General Gavin jumped with his men and led from the front. Here he is ‘chuting up for the D-Day jump, note his preferred weapon, a rifle.
In November 1943, as the bulk of the 82nd Airborne Division prepared to leave the Mediterranean, General James M. Gavin had already gone to London to help plan the airborne part of the forthcoming invasion of France. The soldiers, after months in warm climes, were shortly to find themselves in Northern Ireland in winter. There might not be anyone shooting at them there, but the change from southern to northern European weather was certainly going to test their hardiness. The 82nd had suffered terrible casualties and was going to need some time to get back to full strength. It had also proved beyond doubt the value of the Airborne and that meant the call would not be long in coming.
The division was not to stay in Ireland for long. Early in the New Year a more permanent facility was set up near Leicester. To make up strength the 507th and 508th PIRs were now assigned to the division. Additionally volunteers were sought amongst suitably qualified replacement troops arriving from the US-in most cases only too happy to leave the miserable tented camps in the dank Welsh countryside they were ‘holding’ in. A jump school was established near Leicester to qualify those not previously parachute trained, and training at all levels was stepped up.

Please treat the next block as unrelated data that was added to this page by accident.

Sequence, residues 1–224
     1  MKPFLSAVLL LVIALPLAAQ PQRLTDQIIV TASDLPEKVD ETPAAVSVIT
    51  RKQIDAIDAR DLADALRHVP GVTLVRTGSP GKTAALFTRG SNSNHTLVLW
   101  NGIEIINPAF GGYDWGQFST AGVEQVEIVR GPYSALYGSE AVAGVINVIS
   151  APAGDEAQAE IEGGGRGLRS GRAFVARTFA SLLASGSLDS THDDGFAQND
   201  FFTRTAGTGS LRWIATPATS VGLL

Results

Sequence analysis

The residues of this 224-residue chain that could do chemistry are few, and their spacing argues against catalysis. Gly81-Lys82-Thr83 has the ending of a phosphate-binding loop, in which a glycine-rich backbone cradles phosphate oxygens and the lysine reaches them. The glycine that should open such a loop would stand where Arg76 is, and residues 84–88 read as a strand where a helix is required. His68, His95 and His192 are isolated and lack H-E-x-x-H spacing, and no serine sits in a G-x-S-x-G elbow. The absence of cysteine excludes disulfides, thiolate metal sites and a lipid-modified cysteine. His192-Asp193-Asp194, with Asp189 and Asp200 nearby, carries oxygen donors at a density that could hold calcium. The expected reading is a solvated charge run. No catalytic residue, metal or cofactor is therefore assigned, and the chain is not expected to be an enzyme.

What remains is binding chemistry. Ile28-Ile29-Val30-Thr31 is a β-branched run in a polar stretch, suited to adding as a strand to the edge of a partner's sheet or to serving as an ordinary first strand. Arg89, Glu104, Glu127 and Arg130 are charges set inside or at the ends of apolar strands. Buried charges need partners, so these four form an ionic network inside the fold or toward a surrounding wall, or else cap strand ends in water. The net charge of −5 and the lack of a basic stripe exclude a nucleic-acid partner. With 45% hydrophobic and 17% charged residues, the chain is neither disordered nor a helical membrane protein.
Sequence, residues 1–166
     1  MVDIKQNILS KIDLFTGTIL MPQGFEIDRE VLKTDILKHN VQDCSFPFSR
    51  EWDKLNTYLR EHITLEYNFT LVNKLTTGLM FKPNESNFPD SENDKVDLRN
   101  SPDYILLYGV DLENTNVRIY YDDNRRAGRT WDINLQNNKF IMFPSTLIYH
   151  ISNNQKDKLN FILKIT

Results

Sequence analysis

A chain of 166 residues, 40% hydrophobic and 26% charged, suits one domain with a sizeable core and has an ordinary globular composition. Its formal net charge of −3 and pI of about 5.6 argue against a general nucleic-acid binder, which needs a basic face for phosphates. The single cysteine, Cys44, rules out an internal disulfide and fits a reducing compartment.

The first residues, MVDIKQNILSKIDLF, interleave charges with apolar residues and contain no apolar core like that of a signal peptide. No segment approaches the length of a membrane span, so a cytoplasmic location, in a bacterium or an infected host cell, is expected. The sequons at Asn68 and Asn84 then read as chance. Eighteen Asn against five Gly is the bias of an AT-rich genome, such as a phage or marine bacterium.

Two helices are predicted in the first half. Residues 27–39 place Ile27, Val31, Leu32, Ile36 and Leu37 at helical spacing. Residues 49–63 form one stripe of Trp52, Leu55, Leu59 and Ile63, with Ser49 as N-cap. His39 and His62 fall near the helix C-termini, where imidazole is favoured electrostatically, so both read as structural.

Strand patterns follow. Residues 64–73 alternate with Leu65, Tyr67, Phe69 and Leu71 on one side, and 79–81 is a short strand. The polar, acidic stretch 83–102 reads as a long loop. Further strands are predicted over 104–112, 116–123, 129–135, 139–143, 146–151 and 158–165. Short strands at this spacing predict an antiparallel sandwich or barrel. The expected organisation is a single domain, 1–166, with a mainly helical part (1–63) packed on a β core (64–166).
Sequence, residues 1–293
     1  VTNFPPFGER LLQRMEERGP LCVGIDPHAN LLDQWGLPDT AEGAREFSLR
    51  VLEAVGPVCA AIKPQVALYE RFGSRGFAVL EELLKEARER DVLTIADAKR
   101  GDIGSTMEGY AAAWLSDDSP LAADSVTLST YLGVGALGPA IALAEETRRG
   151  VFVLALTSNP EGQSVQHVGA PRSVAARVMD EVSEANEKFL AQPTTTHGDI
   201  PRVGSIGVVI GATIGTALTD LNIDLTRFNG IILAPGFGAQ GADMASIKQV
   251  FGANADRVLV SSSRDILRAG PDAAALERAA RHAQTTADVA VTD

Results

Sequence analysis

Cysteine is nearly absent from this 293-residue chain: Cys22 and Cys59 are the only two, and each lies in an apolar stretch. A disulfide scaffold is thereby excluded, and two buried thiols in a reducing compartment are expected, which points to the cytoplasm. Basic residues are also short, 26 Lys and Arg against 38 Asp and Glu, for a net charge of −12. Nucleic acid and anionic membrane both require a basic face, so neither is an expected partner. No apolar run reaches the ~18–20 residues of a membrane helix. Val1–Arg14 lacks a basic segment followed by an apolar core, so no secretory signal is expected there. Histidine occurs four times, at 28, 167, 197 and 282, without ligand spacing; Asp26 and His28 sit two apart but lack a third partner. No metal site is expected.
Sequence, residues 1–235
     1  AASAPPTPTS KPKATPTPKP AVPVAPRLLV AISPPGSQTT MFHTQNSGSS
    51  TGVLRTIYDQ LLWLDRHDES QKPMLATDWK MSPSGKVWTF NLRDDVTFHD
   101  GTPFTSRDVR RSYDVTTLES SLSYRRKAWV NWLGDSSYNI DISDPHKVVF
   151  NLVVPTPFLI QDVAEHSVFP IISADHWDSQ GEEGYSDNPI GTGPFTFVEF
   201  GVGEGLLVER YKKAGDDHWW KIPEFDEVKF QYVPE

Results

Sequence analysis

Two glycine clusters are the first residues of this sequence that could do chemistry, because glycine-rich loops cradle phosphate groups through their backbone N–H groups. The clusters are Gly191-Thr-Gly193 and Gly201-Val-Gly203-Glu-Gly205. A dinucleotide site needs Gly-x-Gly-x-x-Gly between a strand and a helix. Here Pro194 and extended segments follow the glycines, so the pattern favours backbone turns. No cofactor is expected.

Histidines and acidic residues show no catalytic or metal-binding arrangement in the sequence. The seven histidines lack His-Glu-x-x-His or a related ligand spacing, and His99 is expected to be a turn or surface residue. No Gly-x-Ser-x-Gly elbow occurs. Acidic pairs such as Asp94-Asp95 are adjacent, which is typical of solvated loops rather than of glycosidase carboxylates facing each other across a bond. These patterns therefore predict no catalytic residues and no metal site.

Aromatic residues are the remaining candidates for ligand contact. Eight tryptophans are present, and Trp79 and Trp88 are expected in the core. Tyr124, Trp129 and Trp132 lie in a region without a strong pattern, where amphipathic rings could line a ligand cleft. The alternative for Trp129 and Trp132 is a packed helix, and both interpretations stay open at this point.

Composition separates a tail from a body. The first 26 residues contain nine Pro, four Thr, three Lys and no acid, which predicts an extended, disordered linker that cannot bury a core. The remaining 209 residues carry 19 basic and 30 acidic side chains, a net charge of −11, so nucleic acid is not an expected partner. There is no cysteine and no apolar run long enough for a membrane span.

The nine months spent in England were generally happy ones for the troopers. They found that they had much in common with their British counterparts and, of course, there was a social life. The locals were for the most part welcoming and friendly, the girls pretty and the beer, if unfamiliar to American tastes, was good. Again from the modern perspective, it should be remembered that many of the troopers had known nothing of the world outside a farm in Nebraska or Tennessee a few months before.
Another important step came in England. The glidermen, long denied parity with the paratroops they so ably supported, finally received their pay increase and their own wings. No one truly begrudged it-jumping was always regarded as far safer than going by glider.
As the intensive training continued, so did the build-up of men and material for the invasion. Over 2,000 Waco gliders were shipped to the UK and assembled. In order that the 101st should benefit from the combat experience of the 82nd Gavin was put in charge of standardising tactics and procedures throughout the Airborne.
The British Isles became a vast hive of military activity as every arm of service from dozens of nations prepared for the biggest invasion in history. The Reich was pounded by the RAF at night and by the US Army Air Force during the day. Every possible logistic need was considered, huge floating harbours and fuel pipelines were devised; new equipment was developed and tested and assaults from the sea and air rehearsed. Occasionally the exercises were all too real. Terrible slaughter was wrought off the Dorset coast one night when German E-Boats got in amongst landing craft full of troops. (Kept secret at the time lest it effected morale, the disaster at Siapton Sands has only recently been fully reported.)
There were problems at the top, too. For all the public unity amongst the Allies there were disagreements and conflicting agendas, both political and military. Later on this was to cost the Airborne dear. For the time being a consensus was eventually reached, and planning for Operation Overlord went into the final stages. Gavin rejoined the division on 6 February.